After that, he discovered more benefits of self-publishing, such as higher royalties and real-time insights. You run your own ads and see how they perform. You don’t know anything with a traditional publisher, and it can take nine months until you get paid.
Finally, he realised something else about traditional publishing. It’s more of an ego thing. It’s for people who want approval, reassurance, validation. And yes, some people will respect you more for it, but you won’t be better off.
The AlphaSmart, David Kadavy’s oldskool secret
Most of David’s tools have one thing in common: they’re optimised for writing without interruptions.
His favourite tool is the AlphaSmart. This is a portable word processor with a typewriter-like keyboard and calculator-like tiny screen. Only four to five lines are visible and it only stores twelve files that can’t sync with Google Drive or anything else.
It’s the perfect tool to write without thinking. Editing is possible but it’s so painful you just keep moving. David uses this wonderful tool to capture his first thoughts in the morning.
Sometimes he even reaches out for his device before taking off his sleeping mask. Then he types until it feels like he has reached at least 100 words about anything. When finished, he usually deletes everything. It’s not about producing something to publish but about making new connections. Sometimes, he even uses the devices when it’s out of battery. Since he doesn’t care about what it looks like, writing is still happening.
“If you write for about an hour a day, you’ll become a better writer. If you read for about an hour a day, you’ll read a lot of books.”David Kadavy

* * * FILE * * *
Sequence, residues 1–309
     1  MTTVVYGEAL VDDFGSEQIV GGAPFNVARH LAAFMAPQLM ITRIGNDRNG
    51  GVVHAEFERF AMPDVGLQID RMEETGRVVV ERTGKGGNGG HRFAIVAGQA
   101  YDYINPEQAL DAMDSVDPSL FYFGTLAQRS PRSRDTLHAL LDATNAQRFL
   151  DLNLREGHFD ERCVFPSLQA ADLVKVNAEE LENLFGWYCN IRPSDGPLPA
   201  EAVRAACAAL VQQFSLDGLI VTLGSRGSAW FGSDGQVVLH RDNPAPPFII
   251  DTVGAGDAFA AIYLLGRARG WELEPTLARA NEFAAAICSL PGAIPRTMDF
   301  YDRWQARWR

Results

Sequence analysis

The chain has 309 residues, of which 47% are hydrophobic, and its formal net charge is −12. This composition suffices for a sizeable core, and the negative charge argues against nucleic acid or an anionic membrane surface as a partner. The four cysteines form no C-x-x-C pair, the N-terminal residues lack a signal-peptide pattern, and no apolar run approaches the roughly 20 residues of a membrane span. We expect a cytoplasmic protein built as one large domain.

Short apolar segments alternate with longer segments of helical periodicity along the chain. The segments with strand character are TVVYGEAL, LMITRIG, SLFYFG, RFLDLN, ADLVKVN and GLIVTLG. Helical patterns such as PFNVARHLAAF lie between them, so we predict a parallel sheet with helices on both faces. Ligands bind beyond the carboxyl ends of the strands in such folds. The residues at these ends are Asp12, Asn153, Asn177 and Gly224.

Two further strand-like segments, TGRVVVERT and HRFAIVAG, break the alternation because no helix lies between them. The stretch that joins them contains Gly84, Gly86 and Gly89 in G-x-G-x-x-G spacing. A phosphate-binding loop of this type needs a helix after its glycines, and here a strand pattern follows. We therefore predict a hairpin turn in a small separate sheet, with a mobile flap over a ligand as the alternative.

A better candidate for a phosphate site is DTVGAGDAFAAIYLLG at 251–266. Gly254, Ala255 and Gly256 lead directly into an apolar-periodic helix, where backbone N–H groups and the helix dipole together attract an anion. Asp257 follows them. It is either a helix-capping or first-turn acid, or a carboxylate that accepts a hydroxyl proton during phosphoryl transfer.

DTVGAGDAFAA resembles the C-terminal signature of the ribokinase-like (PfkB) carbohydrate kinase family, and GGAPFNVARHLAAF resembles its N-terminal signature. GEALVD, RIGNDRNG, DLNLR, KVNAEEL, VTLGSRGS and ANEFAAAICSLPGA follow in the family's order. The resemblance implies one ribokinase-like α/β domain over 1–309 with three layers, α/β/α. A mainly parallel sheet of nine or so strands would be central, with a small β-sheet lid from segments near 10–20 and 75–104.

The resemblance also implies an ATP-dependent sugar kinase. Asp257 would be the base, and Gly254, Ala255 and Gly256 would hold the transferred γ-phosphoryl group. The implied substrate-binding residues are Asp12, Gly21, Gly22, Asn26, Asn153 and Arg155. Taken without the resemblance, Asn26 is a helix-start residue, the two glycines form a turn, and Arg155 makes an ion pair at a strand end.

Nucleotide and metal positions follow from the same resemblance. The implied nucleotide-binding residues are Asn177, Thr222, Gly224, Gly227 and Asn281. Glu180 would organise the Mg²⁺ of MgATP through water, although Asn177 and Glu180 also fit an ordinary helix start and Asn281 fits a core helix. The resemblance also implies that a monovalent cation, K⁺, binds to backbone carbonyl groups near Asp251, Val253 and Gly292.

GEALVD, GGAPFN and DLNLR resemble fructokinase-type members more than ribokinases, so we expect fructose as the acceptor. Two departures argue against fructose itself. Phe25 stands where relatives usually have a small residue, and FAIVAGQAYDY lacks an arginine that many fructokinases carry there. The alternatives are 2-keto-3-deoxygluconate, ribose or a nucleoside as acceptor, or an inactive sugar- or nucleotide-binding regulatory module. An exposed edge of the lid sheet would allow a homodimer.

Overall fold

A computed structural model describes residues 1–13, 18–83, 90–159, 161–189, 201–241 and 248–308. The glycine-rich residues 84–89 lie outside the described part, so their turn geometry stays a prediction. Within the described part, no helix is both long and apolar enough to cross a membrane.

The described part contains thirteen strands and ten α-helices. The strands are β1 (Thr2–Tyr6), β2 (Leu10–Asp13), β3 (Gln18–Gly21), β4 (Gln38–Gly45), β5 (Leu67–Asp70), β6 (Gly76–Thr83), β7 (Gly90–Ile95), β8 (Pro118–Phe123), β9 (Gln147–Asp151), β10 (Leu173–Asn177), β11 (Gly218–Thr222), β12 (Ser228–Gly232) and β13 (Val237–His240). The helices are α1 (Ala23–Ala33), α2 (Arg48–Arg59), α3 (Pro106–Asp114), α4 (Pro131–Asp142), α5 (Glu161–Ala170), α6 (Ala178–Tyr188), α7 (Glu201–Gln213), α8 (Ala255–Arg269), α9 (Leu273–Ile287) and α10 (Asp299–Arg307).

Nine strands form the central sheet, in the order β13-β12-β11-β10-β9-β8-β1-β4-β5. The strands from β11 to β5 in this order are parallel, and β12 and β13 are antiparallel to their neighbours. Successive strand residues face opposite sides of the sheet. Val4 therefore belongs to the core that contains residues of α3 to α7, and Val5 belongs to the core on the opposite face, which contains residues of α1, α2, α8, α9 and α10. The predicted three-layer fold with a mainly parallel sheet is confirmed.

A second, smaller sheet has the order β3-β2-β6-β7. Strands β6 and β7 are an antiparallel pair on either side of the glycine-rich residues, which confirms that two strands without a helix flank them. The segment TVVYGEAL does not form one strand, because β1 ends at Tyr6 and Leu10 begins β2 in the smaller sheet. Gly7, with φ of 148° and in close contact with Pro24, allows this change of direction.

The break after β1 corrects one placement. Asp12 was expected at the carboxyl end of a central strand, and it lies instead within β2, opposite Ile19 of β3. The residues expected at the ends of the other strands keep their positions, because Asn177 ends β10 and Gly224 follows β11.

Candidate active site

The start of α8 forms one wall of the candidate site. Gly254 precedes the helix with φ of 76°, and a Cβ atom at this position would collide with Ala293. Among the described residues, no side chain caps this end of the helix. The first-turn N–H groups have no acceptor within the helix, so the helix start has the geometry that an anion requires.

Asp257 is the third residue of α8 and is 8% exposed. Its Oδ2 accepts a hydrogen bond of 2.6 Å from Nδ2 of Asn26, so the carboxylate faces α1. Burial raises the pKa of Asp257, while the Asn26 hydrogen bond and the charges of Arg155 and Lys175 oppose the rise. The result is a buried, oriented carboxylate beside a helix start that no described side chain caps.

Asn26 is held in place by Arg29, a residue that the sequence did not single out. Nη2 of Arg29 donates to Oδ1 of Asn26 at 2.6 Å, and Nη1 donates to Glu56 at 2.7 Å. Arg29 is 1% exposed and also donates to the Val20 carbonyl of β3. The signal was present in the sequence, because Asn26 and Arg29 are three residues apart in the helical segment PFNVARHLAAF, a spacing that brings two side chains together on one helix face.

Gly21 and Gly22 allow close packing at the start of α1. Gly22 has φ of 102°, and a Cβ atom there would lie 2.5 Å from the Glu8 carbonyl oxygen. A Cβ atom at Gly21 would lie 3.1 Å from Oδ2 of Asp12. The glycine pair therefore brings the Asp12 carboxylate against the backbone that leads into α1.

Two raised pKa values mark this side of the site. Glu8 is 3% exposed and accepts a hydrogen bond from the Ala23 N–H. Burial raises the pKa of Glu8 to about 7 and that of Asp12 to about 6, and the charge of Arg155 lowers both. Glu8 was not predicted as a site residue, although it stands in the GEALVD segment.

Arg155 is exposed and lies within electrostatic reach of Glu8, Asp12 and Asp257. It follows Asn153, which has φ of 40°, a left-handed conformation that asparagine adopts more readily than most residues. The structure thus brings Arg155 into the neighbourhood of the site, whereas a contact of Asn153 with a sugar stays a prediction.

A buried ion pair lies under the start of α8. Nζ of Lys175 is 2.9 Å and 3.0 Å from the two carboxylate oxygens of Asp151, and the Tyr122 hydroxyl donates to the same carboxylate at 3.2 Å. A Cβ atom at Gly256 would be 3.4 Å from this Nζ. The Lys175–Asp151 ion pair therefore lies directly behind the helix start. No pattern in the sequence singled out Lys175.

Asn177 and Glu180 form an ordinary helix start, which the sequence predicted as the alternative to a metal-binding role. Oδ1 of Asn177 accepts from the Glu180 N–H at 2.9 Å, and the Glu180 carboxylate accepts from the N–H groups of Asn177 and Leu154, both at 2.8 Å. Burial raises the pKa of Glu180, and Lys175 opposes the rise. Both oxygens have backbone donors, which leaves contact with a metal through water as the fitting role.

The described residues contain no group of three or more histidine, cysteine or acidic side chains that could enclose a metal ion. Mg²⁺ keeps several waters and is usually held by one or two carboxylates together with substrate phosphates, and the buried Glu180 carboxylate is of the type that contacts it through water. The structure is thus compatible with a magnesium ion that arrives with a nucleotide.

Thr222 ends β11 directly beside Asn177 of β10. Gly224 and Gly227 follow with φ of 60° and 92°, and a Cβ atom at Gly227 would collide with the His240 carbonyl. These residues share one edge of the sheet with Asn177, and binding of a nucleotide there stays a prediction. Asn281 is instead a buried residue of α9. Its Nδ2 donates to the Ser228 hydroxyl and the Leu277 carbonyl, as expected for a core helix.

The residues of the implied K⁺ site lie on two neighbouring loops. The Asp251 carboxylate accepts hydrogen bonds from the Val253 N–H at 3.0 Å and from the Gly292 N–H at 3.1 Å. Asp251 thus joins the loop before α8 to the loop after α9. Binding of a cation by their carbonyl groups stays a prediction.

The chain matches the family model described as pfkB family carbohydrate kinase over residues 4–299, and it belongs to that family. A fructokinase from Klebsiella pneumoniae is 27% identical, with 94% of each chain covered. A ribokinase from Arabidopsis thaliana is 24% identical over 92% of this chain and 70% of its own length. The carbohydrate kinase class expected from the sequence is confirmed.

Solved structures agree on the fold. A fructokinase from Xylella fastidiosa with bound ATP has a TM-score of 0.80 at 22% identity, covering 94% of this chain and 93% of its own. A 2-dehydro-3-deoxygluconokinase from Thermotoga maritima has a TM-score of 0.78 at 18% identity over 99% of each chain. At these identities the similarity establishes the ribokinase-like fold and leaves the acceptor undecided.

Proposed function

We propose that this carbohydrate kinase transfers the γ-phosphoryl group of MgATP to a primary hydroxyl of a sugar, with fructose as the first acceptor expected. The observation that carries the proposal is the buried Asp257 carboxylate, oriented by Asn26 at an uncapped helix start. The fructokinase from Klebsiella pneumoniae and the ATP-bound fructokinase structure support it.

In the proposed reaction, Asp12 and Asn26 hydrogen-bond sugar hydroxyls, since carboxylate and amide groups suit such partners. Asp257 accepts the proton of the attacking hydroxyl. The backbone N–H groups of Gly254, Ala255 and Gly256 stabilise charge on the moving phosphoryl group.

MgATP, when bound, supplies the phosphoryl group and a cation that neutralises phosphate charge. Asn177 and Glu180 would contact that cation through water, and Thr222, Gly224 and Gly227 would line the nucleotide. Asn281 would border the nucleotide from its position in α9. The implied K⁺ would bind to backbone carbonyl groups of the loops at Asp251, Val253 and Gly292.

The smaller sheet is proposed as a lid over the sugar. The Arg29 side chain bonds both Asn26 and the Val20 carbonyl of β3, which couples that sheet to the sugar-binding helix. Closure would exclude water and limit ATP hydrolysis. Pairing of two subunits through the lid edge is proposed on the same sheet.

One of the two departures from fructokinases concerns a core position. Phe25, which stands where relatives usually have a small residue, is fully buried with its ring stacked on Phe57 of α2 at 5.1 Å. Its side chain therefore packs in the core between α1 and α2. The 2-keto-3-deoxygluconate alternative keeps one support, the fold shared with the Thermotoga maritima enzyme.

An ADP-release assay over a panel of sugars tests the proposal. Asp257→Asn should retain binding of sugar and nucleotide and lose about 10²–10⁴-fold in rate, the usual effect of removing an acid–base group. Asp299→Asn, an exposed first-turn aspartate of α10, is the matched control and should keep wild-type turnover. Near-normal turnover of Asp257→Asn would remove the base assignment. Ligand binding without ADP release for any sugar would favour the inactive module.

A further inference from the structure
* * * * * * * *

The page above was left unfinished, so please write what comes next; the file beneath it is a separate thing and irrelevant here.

His second writing tool is an iPad hooked up to an external keyboard. He feels that it’s harder to get distracted and move away from your writing programme on an iPad.
In the past, he used Scrivener for his books. And even though it’s great because of its storyboard and formatting options, he switched to simpler software.
On his iPad, he uses 1Writer, and on desktop, he also prefers writing in markdown via Ulysses. It’s straightforward to use, and you can easily export full articles to WordPress, where it automatically uploads and formats.
David Kadavy’s writing tips and secret
- Allow yourself to suck. Don’t worry about misspellings, changing topics in the middle of a sentence, using bullet points or adding brackets. WRITE REAL SHIT. But don’t spend too much time on it.
- Embrace the power of incubation. Your mind is a passive genius; it’s incredible. During the off-time, your mind figures out complex problems, especially if you get good sleep.
- There are three c’s to being a great writer. Deal with one at a time:
- Consistency (have a regular schedule)
- Courage (put it out there)
- Craft (work on wording and style)
The combination of tips one and two will take a lot of wasted time and pain away. Tip three only works if you focus on one aspect at a time.
And his secret? He never thought of himself as a writer.
David still has a lot more to share. You can find more information via the links below.
Books: Design for Hackers, The Heart to Start & Mind Management, not Time Management
Author: David Kadavy
Amazon: Full profile (Book also available elsewhere. Previews below)
More by David: